- The Washington Times - Wednesday, March 27, 2002

In just his third season as Jayhawks coach in 1991, Roy Williams guided Kansas to an NCAA tournament final, when his team lost to Duke.

Little did he know that would be the closest he and Kansas would come to winning a national championship for the next 10 years.

Since then, the good-natured Williams has built one of the proudest and most successful programs in the country, leading Kansas to 13 straight NCAA tournaments, winning better than 80 percent of his games and reaching his third Final Four this season. Still, he has had to fend off questions regarding his teams' shortcomings in the NCAA tournament.

Since 1992, Kansas entered the NCAA tournament as one of the four No.1 seeds four times under Williams. Four times, not only did they not make the Final Four, but they lost before the round of eight. The stumbles earned Williams some sympathy because his record spoke for itself he now stands as the winningest active coach in Division I.

The top-seeded Jayhawks have returned to the Final Four for the first time since 1993, where they will face Maryland on Saturday at the Georgia Dome. Kansas, which went undefeated in the Big 12 regular season and was ranked No.1 for four weeks, has nearly fulfilled expectations, but the question remains whether it can take Williams to his first national title and remove the "best coach never to have won a national championship" label that has been attached to his name.

This season's team is prepared to end the questions.

"This group here, they're a lot more relaxed and I think they've been that way the whole year and yet when they go out there and lace 'em up, they get after it pretty doggone well," Williams said. "Things don't frustrate them very often during games."

This season's Kansas squad, the highest-scoring team in Division I, has looked unbeatable at times, save for a season-opening loss to Ball State, one at UCLA in January and one to fellow Final Four participant and Big 12 member Oklahoma in the conference championship game. The Jayhawks (33-3) ran the table in the Big 12 regular season and after a serious scare against No.16 seed Holy Cross in the first round of the NCAAs, beat three teams ranked in the top 25 before the tournament (Stanford, Illinois, Oregon) to reach the Final Four.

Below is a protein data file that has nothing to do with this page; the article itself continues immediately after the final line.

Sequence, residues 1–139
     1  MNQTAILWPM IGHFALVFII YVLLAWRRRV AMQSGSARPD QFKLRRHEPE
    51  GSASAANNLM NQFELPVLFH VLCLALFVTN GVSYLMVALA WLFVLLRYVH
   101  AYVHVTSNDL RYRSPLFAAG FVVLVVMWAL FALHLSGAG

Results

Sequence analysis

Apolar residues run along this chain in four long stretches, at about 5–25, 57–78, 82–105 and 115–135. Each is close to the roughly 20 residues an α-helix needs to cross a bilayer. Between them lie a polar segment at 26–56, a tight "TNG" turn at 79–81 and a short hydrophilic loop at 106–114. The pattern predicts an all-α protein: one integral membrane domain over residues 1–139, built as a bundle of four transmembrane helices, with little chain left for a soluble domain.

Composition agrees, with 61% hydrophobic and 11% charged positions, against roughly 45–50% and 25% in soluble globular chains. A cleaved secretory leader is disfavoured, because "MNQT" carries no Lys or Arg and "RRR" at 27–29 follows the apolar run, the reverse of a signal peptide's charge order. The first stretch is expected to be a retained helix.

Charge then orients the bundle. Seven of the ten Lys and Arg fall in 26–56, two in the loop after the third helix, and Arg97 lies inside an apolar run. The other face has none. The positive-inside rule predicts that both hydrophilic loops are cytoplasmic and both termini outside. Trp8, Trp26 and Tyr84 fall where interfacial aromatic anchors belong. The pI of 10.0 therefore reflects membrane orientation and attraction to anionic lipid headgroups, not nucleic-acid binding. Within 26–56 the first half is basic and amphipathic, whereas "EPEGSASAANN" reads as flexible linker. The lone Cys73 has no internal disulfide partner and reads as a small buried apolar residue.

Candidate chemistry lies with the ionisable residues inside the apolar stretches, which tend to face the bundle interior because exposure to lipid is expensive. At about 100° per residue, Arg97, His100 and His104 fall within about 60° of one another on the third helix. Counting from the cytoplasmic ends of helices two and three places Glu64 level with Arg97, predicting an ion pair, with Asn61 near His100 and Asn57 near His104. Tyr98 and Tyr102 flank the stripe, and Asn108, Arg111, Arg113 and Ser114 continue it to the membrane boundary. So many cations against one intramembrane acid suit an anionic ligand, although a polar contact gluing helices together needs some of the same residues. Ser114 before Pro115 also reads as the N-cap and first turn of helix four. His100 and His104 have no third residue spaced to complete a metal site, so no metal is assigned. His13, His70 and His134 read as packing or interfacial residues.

"We have guys that can make plays. We have a lot of scorers on the team," Kansas forward Drew Gooden said, but "it is really not about scoring averages at this point, it is about winning games."

Kansas' top seven players though three are freshmen, including the point guard are as good as any in the nation. The group is led by All-American Gooden, who averages 20.0 points and 11.5 rebounds and shoots 76 percent from the free-throw line, and forward Nick Collison, who posts 15.4 points and 8.3 rebounds.

Guards Kirk Hinrich and Jeff Boschee are the Jayhawks' main 3-point threats, while freshman Aaron Miles (6.7 assists) starts at point guard and freshmen Keith Langford and Wayne Simien are the top two reserves.

The Jayhawks can score, but they can also rebound. Against Oregon, they racked up an astounding 63-34 advantage on the boards, with Gooden collecting 20 and Collison 15. Kansas' dominance on the glass should not come as a big surprise entering this season, Kansas held four of the top 11 largest rebounding margins ever in an NCAA tournament game, with all coming in the last five tournaments. Kansas has been outrebounded three times all season.

After their dismantling of Oregon on Sunday, Kansas players, most prominently Gooden, said there should be no more questions about Williams' coaching record. They are ready to win the program's first national title since the Danny Manning-led Jayhawks won the 1988 crown under coach Larry Brown.

"There is a feeling of seriousness now between everybody because we know what we want to go accomplish," Langford said. "We celebrated the day we won the game and the day after and all of that, but now we still have two more games that we have to go win."


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